“Meeting somewhere in the middle”: just another cultural bias-revised

For almost my entire professional life, I have been bridging acute cultural differences with my clients and coaching other consultants how to do similar work.

Some of the cultural gaps (UK-USA; Germany-USA; France-UK) are challenging but bridgeable via mutual adaptation on the part of both sides and some basic emotional intelligence.

However some of the cultural gaps are phenomenally large and immensely challenging. US-Japan, Thailand-US, Philippines-Israel, Japan-Mexico as well as all post merger integration work come to mind.

Probably the most frequent question I am asked by people I coach is “how do we bridge these gaps and meet somewhere in the middle”.

My answer is that meeting somewhere in the middle is just another western cultural bias.

Some cultures are more flexible (Dutch, Scandinavian e.g.) whilst others are more  rigid and self centered. Some cultures value meeting in the middle/compromise whilst others see meeting in the middle as weakness. Some cultures look at their way of doing things as the right way (US), others look at things more pragmatically, whilst others have their way of doing things embedded in religious or ideological context.

Meeting somewhere in the middle is rarely the way differences get bridged.

Working in  acute diversity means living with lots of pain, constant attempts at mutual adjustment, power struggles and constant misunderstandings.

Building solid personal relationships, making the right staffing choices, not over-relying on process, possessing a good sense of humour and acquiring cultural humility do the trick, NOT meeting half way.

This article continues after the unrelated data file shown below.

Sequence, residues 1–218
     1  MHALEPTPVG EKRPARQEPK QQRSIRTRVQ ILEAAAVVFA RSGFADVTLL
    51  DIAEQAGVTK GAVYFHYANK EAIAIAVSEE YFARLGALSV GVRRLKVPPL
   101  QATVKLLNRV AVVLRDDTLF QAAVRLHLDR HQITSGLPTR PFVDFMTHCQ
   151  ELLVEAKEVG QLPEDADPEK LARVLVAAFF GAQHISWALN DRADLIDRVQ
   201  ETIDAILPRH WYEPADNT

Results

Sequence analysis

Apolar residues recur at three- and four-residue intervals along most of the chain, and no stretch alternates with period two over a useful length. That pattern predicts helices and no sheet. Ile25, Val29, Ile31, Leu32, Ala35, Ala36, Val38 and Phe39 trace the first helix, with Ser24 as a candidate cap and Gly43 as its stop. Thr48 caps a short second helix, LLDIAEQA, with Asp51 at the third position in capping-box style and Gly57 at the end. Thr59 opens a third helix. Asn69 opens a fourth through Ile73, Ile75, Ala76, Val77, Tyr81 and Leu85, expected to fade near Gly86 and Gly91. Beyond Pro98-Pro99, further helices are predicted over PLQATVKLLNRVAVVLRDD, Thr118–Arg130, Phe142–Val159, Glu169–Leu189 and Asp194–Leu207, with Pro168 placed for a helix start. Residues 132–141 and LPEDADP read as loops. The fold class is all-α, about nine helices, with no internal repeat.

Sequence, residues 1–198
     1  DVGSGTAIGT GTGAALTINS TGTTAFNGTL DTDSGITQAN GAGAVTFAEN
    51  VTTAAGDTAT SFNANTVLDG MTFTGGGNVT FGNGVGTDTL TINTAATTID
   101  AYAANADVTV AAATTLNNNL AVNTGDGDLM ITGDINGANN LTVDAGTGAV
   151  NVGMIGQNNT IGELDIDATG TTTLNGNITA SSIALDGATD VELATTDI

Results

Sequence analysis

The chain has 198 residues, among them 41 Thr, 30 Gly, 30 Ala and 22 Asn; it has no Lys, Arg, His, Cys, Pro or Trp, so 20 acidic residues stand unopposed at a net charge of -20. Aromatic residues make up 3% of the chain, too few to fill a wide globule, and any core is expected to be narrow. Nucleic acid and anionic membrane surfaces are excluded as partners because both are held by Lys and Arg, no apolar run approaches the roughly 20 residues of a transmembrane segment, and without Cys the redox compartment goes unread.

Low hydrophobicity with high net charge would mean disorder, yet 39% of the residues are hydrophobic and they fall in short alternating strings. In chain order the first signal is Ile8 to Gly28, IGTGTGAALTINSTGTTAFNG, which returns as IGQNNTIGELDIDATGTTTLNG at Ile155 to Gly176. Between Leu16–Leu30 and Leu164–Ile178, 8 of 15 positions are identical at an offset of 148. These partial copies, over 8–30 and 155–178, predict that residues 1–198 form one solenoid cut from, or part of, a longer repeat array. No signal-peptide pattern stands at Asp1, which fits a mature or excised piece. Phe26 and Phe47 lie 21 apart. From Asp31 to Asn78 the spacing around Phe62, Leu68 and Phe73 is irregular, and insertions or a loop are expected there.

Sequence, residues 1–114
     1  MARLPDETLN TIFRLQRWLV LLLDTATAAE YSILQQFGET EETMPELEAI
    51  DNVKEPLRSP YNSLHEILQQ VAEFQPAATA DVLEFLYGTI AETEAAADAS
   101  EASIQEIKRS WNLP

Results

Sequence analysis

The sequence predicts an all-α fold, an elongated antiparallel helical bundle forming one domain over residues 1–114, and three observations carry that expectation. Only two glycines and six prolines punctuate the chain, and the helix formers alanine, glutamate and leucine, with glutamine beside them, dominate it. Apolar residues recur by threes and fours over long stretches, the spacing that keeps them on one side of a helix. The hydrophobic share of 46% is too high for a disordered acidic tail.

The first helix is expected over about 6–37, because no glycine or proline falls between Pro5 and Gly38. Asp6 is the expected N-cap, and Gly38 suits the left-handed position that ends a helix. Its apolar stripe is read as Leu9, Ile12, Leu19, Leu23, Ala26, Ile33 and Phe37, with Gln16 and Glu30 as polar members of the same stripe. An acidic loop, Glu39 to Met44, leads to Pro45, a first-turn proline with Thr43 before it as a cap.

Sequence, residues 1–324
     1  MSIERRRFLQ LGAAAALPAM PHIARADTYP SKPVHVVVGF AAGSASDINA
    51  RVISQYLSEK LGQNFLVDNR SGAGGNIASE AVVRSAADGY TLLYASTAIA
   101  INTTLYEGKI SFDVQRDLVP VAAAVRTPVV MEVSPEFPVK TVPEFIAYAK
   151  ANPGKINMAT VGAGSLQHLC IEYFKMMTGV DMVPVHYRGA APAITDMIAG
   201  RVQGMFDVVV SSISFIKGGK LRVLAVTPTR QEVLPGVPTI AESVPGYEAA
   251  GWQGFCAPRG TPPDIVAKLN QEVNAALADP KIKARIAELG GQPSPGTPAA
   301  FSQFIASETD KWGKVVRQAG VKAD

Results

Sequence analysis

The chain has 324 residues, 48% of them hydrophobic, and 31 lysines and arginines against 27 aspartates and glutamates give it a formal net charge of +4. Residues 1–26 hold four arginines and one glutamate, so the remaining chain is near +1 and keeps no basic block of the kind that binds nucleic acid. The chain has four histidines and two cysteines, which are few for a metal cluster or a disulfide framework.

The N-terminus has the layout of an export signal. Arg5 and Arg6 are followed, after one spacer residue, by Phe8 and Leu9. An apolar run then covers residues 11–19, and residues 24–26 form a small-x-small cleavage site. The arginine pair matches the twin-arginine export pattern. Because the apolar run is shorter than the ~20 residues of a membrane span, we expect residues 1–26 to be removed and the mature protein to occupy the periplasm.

My latest article emphasises other western biases of OD.


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10 thoughts on ““Meeting somewhere in the middle”: just another cultural bias-revised

  1. If I have learned nothing else from you – and I have actually learned a lot – this is one of the premier insights you have given me.

  2. Allon, you have some amazingly pointed insights. This was even more enlightening in MANY ways! AND, it will help me complete my next assignment. Thank you!

  3. Thanks so much, Allon, for this uncomfortable (rather than inconvenient) truth. Culture is about pain and always will be. It’s like psychoanalysis, which Freud himself said was one of three impossible professions, along with pedagogy and politics (government). Roland Jaccard once said that after 20 or so years of psychoanalysis he hadn’t cured his neuroses but he had become an observer of himself. That’s what interculturalists should be promising rather than an illusory “bridge to nowhere” (it’s not often that I quote Sarah Palin!).

  4. The real art of negotiation is to get what you aimed from the beggining but to make the other side he is the winner. (This is what your wives are doing to you daily 🙁 )

  5. Dear Allon, nice to find you here and see your post had been shared by one of my itim colleagues! And thank you for yet another wise word.

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